Johann Sebastian Bach

Rivendell

Senior Member
Spanish / Spain
#1
Hi,

a simple question for the English native speakers. When you talk about Bach (the composer), how do you pronounce his family name??

BaCH like in CHocolate??
Or do you keep the German pronunciation (BaH with a strongly accented H)?

Thank you.
 
  • coiffe

    Senior Member
    USA
    American English
    #2
    I'd say somewhere in between (bok and german "bach" -- not ch as in chocolate), in casual conversation. "Bok" is too natural to avoid altogether when speaking English (the opposite would be true in German), but the pull of the correct German pronunciation forces you to aspirate the end of it a little. That's my take, anyway.
     

    coiffe

    Senior Member
    USA
    American English
    #5
    With a -ch ending as in Loch:)
    How do I pronounce the -ch in Loch?
    Pan is right, of course, but I wouldn't want to hold my breath waiting for someone in the U.S. to pronounce Loch Ness Monster as anything but "lock." Bach might have different stats, though, as people talking about him might conceivably know a bit about music, and might attempt more of that glottal fricative at the end of his name than people who never even heard of Germany or Scotland.
     

    Rivendell

    Senior Member
    Spanish / Spain
    #7
    Pan is right, of course, but I wouldn't want to hold my breath waiting for someone in the U.S. to pronounce Loch Ness Monster as anything but "lock." Bach might have different stats, though, as people talking about him might conceivably know a bit about music, and might attempt more of that glottal fricative at the end of his name than people who never even heard of Germany or Scotland.
    I'm glad to know both points of view. :)
     

    liliput

    Senior Member
    U.K. English
    #8
    I always attempt to pronounce it in the German way, but I'm sure most Germans would tell me that I don't do it very well - still, its the thought that counts.
     

    Suilan

    Senior Member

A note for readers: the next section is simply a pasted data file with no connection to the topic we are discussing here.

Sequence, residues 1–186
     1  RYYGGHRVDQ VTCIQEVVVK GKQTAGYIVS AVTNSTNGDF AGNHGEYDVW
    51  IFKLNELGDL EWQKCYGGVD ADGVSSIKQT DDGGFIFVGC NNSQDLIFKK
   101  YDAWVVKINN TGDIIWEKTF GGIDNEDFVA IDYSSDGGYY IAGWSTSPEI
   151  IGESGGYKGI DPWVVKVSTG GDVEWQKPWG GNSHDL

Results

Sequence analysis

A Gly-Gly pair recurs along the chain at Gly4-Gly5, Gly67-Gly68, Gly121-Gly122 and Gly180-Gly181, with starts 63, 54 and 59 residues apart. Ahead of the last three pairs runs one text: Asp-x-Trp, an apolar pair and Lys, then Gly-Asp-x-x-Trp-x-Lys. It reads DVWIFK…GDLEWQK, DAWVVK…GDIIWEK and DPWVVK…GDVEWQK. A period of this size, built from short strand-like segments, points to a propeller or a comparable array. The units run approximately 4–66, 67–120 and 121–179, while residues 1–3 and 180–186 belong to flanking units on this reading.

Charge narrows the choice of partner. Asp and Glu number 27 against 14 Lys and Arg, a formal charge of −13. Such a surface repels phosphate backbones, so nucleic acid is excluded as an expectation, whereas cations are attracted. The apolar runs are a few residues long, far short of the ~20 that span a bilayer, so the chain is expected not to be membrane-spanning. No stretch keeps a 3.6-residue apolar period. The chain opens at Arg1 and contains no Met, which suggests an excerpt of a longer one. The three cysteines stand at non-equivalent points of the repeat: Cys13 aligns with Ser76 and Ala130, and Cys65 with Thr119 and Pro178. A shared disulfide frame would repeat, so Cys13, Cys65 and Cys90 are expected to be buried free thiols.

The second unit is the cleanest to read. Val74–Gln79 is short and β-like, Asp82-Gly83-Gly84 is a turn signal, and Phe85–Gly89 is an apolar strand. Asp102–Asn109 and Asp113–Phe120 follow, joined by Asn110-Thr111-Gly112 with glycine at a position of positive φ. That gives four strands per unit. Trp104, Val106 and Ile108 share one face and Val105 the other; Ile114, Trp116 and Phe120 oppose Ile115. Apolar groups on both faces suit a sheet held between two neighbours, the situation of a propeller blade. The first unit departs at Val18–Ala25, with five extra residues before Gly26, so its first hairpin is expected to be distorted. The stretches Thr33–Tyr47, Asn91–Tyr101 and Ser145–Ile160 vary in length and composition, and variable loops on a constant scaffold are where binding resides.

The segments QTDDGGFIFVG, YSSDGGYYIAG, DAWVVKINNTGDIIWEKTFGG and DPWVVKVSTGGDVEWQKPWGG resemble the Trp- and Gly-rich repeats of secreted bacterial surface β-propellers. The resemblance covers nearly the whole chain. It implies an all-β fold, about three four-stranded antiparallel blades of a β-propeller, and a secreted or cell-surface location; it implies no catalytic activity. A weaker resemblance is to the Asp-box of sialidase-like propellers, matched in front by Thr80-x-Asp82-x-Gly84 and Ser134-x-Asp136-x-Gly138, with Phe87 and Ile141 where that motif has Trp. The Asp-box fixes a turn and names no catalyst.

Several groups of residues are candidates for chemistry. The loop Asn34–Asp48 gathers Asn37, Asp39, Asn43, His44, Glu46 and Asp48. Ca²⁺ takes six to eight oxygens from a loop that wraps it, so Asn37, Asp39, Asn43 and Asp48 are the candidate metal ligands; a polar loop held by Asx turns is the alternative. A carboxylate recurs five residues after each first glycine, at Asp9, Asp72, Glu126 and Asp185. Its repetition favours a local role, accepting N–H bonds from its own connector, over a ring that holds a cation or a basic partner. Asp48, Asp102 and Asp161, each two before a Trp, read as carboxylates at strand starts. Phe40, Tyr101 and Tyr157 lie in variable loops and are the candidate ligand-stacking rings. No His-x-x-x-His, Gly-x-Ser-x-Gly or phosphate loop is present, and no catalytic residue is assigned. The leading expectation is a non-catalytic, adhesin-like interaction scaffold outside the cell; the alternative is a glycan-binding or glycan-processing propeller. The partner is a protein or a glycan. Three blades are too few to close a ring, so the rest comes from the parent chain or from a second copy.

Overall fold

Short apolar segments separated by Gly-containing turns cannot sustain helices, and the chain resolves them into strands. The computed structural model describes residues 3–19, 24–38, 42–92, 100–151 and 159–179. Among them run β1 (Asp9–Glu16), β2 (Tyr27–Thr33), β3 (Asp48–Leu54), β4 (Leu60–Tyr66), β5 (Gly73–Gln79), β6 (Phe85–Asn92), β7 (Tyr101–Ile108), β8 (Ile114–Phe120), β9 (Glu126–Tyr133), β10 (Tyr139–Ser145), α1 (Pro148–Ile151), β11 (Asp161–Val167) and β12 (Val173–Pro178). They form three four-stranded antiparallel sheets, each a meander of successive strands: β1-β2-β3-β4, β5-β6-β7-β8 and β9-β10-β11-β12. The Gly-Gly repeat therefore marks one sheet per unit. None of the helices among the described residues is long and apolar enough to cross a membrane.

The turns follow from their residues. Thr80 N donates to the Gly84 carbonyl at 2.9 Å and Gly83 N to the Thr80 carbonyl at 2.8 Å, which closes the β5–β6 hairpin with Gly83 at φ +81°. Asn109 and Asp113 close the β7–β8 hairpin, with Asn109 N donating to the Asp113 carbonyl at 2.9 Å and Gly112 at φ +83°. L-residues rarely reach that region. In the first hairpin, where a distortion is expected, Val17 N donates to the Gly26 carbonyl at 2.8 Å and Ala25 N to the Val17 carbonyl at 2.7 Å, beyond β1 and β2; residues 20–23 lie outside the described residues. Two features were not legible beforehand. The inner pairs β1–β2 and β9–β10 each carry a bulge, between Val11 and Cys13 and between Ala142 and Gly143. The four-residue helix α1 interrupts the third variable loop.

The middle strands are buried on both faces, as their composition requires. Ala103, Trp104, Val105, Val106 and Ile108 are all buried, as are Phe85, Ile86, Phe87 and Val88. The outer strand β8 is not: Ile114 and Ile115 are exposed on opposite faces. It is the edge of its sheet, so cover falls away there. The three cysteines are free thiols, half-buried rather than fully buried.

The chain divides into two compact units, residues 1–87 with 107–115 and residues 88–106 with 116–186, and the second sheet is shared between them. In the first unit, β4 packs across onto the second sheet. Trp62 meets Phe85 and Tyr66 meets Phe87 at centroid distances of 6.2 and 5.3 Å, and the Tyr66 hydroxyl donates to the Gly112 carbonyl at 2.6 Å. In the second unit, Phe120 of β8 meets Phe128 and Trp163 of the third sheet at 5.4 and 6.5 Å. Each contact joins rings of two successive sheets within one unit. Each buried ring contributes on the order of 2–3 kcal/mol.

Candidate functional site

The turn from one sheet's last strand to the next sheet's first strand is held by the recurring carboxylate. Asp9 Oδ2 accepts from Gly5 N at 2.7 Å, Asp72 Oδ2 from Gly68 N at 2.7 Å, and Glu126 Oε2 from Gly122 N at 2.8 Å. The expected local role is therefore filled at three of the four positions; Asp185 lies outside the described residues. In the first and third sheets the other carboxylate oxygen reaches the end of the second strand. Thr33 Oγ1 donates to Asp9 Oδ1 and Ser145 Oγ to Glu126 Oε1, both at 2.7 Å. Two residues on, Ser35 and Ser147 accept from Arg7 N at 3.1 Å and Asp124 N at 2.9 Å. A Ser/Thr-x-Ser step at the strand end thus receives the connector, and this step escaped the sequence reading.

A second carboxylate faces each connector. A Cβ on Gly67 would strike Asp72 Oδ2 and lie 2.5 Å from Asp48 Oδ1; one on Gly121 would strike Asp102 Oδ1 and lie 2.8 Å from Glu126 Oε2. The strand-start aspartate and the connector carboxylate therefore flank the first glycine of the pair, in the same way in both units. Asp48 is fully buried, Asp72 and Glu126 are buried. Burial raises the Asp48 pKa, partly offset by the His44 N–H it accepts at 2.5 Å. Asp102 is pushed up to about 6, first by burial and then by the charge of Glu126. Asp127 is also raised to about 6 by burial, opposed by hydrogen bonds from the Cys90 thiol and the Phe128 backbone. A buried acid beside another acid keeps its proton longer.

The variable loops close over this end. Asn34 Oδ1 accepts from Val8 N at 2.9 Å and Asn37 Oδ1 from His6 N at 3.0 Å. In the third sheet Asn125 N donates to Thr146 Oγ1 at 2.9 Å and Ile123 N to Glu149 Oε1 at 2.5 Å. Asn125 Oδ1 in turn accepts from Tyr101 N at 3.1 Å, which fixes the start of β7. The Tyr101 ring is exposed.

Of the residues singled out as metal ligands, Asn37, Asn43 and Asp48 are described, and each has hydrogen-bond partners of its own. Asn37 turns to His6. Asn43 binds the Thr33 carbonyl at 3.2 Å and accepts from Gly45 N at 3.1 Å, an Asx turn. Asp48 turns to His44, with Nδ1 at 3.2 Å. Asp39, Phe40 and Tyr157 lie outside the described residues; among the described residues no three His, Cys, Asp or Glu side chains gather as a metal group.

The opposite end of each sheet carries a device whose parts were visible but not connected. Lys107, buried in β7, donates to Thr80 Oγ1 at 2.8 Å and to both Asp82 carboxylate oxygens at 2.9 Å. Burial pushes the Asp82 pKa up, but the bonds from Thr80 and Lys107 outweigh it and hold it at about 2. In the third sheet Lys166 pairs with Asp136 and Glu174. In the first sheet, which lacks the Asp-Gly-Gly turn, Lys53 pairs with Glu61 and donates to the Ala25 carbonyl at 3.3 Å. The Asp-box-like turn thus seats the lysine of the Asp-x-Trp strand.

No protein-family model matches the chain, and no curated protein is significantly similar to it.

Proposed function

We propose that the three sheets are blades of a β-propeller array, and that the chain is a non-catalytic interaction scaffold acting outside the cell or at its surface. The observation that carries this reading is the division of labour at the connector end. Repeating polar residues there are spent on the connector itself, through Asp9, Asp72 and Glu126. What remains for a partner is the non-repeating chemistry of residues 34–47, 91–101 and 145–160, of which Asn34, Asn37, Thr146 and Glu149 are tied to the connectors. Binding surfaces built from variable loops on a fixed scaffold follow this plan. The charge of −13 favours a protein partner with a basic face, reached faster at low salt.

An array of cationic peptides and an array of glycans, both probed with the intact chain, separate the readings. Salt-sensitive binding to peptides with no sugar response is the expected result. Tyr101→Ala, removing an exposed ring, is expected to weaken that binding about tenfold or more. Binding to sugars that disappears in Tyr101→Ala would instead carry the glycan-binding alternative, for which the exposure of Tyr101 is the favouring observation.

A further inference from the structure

Germany (NRW)
    #9
    and might attempt more of that glottal fricative at the end of his name than people who never even heard of Germany or Scotland.
    Even the Scots and the Germans would pronounce it as a uvular fricative.

    Been trying to produce a glottal fricative; sounded like a person croaking / in her death throes (I can sympathize with any non-Scottish, non-Irish speaker of English, trying to produce the ch in Loch or Bach; must feel similar ... ;))
     

    Arrius

    Senior Member
    English, UK
    #10
    Bach was formerly pronounced like (a dog's) bark, except for those who knew some German, but there is fortunately an increasing tendency in English to pronounce foreign names closer to the original language. Football commentators, for instance no longer refer to the Dutch football team Ajax /ayaks/ as if it were the kitchen cleanser "Ajax" /eidjaks/.In WW II Churchill used to refer to the Nazi leaders as Gawring (Göring) Goh -bulls (Göbbels) and General Djodel (Jodl,properly pronounced Yodel) and her, like the feminine pronoun, (for Herr) Hitler. Everybody makes a greater effort to get these things right now.
     

    liliput

    Senior Member
    U.K. English
    #11
    Bach was formerly pronounced like (a dog's) bark, except for those who knew some German, but there is fortunately an increasing tendency in English to pronounce foreign names closer to the original language. Football commentators, for instance no longer refer to the Dutch football team Ajax /ayaks/ as if it were the kitchen cleanser "Ajax" /eidjaks/.In WW II Churchill used to refer to the Nazi leaders as Gawring (Göring) Goh -bulls (Göbbels) and General Djodel (Jodl,properly pronounced Yodel) and her, like the feminine pronoun, (for Herr) Hitler. Everybody makes a greater effort to get these things right now.
    Of course it's possible that Churchill new perfectly well how to pronounce their names but wasn't too worried about offending Nazis.
    It's true that more effort is made to pronounce foreign names correctly these days. I still don't know any English speakers who can pronounce Zürich properly though.
     

    Brioche

    Senior Member
    Australia English
    #12